“Rav Yosef Farbstein ztz”l was a ram in Yeshivas Ohr Elchanan, but he davened at the yeshivah by us during Yamim Noraim. I once asked him: ‘What brings you to daven here and not in your own yeshivah? He said he wanted his children to see the Rosh Yeshivah, to see a Yid who doesn’t divert his attention away from Hashem for one minute.”
That was another thing about Rav Scheinberg. For all his projects, travels for the yeshivah, and community service, his eyes rarely left the pages of the sefer. In fact, it’s told that when Reb Yerucham Levovitz of Mir passed away, there were hespedim delivered each day for him in a different beis medrash in the town, and the only one who remained behind to learn was Rav Chaim Pinchas.
“What I can tell you is that the story is not true, simply because when Rav Yerucham passed away, my father wasn’t in the Mir anymore, he was back in America. Rav Yerucham was there at the mesibas preidah they made for him when he left Mir,” says Rav Simcha. “But the idea is true. Rav Leizer Yehudah Finkel, Mir rosh yeshivah in Europe, said of my father on occasion that the biggest masmid in the entire period of the yeshivah was my father.
“But his greatness and his hasmadah were there even when no one was looking. He did it quietly. I don’t remember a time, except when he didn’t feel well in later years, that he ever lay down during the day. There was no such thing, not during the week, not on Shabbos.
“There was a talmid in the yeshivah named Rav Yisrael Berl, a big talmid of my father, and very close to him. He got married to the daughter of Dayan Grosnass and asked my father to fly to London to the wedding. He stayed at the home of the big baal machnis orchim Reb Yaakov (Jacky) Levison, who told me later that he’d never seen such a thing in his life. Besides a few meetings that he held with people for the yeshivah and eating a bit, he learned 18 hours a day nonstop.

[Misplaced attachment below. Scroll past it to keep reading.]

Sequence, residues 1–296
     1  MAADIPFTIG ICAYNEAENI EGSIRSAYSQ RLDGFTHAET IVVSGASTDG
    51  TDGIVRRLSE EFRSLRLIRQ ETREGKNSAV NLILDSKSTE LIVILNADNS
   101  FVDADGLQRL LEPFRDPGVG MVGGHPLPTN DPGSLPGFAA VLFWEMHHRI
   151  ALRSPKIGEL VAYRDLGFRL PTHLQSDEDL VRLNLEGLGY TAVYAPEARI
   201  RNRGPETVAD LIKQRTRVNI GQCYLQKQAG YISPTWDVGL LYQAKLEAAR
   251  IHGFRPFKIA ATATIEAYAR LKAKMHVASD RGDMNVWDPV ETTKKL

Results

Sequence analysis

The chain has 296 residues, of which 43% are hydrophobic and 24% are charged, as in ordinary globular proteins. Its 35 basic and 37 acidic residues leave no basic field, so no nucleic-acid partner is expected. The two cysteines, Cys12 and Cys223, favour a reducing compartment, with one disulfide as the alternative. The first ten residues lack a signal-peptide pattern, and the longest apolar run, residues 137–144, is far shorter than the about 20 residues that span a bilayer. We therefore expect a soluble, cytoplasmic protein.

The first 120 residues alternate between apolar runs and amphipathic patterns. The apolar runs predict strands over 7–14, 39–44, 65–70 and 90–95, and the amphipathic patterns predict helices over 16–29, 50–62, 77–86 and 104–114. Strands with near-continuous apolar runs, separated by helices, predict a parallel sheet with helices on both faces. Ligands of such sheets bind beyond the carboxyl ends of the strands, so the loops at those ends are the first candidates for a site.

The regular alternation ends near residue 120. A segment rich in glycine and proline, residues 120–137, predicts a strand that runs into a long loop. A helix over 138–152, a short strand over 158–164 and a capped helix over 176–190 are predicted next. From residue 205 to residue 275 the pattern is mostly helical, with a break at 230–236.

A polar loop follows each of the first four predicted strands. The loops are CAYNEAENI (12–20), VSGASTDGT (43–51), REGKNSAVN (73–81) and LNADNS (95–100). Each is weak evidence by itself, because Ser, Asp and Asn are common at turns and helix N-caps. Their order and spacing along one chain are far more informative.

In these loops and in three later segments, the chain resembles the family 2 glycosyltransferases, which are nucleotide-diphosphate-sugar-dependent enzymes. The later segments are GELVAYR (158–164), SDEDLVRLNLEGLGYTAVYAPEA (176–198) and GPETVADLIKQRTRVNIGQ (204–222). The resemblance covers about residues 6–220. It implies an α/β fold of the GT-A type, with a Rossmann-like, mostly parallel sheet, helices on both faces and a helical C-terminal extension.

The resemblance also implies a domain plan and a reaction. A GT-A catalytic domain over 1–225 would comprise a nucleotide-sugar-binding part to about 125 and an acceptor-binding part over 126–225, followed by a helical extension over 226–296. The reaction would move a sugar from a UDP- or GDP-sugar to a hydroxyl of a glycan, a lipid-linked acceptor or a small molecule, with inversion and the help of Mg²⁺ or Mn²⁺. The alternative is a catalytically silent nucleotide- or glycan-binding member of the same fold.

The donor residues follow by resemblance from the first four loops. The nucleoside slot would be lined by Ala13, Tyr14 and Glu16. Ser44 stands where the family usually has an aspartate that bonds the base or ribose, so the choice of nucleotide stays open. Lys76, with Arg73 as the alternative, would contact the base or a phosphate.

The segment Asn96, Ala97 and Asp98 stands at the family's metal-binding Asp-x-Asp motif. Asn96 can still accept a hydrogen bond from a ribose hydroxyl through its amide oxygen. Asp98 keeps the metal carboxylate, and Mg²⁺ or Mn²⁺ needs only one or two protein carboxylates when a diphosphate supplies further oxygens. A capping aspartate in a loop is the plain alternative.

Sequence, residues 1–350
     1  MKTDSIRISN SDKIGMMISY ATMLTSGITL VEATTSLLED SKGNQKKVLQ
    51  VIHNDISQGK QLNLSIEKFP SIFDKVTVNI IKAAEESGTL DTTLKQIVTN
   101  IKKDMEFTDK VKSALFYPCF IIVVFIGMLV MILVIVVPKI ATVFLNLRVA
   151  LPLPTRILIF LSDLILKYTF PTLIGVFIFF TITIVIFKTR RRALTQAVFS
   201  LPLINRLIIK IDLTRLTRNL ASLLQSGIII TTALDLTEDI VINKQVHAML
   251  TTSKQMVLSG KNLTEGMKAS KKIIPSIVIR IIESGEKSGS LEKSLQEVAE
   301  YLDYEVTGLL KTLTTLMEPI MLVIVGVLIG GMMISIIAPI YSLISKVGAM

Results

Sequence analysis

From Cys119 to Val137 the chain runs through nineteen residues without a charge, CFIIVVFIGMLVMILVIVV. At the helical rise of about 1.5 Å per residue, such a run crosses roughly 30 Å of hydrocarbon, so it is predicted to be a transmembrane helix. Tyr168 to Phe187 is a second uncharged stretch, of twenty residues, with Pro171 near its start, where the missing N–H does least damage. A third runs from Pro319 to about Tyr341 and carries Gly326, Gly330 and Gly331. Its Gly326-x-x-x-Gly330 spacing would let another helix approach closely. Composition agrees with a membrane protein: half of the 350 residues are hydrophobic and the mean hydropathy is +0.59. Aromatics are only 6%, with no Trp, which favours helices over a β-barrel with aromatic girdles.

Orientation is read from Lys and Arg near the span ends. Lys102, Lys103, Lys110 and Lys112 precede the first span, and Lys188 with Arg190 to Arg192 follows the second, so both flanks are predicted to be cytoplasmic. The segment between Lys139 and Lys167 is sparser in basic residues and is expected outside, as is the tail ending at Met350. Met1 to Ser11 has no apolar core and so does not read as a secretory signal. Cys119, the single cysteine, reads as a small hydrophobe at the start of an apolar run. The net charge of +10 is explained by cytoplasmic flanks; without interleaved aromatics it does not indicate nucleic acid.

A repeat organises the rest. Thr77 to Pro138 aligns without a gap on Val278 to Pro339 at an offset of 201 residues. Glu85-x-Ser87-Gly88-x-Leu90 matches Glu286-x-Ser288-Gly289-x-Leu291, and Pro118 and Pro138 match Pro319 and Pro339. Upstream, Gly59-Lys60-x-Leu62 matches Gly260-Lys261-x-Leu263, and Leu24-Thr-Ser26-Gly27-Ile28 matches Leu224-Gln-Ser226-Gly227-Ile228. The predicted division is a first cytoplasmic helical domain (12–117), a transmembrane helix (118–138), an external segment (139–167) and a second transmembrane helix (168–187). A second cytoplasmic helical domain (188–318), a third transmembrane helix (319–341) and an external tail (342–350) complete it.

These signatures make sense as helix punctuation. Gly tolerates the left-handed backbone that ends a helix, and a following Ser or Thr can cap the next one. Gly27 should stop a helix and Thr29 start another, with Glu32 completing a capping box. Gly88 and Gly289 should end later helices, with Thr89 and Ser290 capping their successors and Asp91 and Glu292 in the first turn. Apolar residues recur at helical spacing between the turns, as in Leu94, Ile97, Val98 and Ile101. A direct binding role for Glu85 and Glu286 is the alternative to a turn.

“In fact, when he was a young married man in the Mir, Reb Yerucham wanted my father to go learn under the Brisker Rav for a period of time. While most Americans who came to learn in Mir were on a lower learning level than the Europeans, my father was one of the few who integrated. My father was in Brisk for just a few days, and when he returned to Mir, he evaded Rav Yerucham, until one day, Rav Yerucham caught him and asked him what happened in Brisk. Then my father told him that they learned in a beis medrash and when it came time for the shiur, they went upstairs to the Rav’s shiur. Between the end of the seder and the beginning of the shiur were ten or fifteen minutes so they should have time to go upstairs, and he was afraid of this bittul Torah…